Friday, July 23, 1999 Published at 15:25 GMT 16:25 UK
Sudan ceasefire ends
The SPLA has waged a 16-year war
The Sudanese Government has announced it will not renew a limited humanitarian ceasefire in its war against rebels of the Sudan People's Liberation Army.
The announcement came at the end of peace talks in Nairobi, where the SPLA had earlier called for the renewal of the year-old ceasefire.
Since then, the partial ceasefire has been renewed every three months at the agreement of both parties.
Humanitarian agencies working in the south have warned of hundreds of thousands of people at risk if ceasefires are not renewed.
Call for comprehensive ceasefire
Sudanese Foreign Minister Mustafa Osman Ismail said on Friday that his government wanted "a comprehensive ceasefire to create a conducive atmosphere for the peace talks and smooth flow of relief supplies to the war affected areas".
He said that extending the partial ceasefire would only "intensify the fighting in other areas".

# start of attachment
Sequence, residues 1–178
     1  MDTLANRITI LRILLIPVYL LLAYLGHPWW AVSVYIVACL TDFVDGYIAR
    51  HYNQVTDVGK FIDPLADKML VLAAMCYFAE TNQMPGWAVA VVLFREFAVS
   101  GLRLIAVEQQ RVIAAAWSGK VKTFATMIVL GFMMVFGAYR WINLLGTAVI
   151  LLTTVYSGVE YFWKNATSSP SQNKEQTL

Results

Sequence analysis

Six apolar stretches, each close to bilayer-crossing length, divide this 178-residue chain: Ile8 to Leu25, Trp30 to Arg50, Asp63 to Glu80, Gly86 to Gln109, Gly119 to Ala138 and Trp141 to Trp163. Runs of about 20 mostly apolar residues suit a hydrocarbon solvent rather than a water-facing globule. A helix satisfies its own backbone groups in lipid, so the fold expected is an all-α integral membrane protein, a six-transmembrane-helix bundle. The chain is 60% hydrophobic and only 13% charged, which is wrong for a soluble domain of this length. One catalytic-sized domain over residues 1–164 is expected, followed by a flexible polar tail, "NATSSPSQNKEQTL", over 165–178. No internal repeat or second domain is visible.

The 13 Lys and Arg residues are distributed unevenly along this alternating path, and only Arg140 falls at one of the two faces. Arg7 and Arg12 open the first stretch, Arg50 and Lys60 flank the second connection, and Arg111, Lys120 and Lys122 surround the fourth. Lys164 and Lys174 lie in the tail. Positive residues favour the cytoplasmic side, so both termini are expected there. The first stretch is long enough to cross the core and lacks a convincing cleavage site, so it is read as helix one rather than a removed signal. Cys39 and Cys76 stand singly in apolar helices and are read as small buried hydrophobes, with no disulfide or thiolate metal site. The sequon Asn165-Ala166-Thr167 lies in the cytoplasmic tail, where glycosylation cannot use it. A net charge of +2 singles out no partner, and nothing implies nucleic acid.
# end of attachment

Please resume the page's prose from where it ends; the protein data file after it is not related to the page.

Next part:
But rebels rejected the idea of a comprehensive ceasefire.
"A comprehensive ceasefire can only come after agreeing on the contentious issues," spokesman Samson Kwaje told a news conference.
The peace talks between the government and SPLA rebels had been going well.
Both sides had agreed to the creation of a secretariat to oversee continued discussions, and the appointment of a special envoy by President Moi of Kenya.
Rebel sources said Khartoum had agreed to self-determination for southern Sudan, but there were differences on its geographical definition, and on the relationship between religion and the state.
The rebels reject Islamic law as the basis of Sudan's legal code.
The SPLA, based in Sudan's mainly Christian and Animist south, has waged a 16-year war against the Muslim-dominated Khartoum government.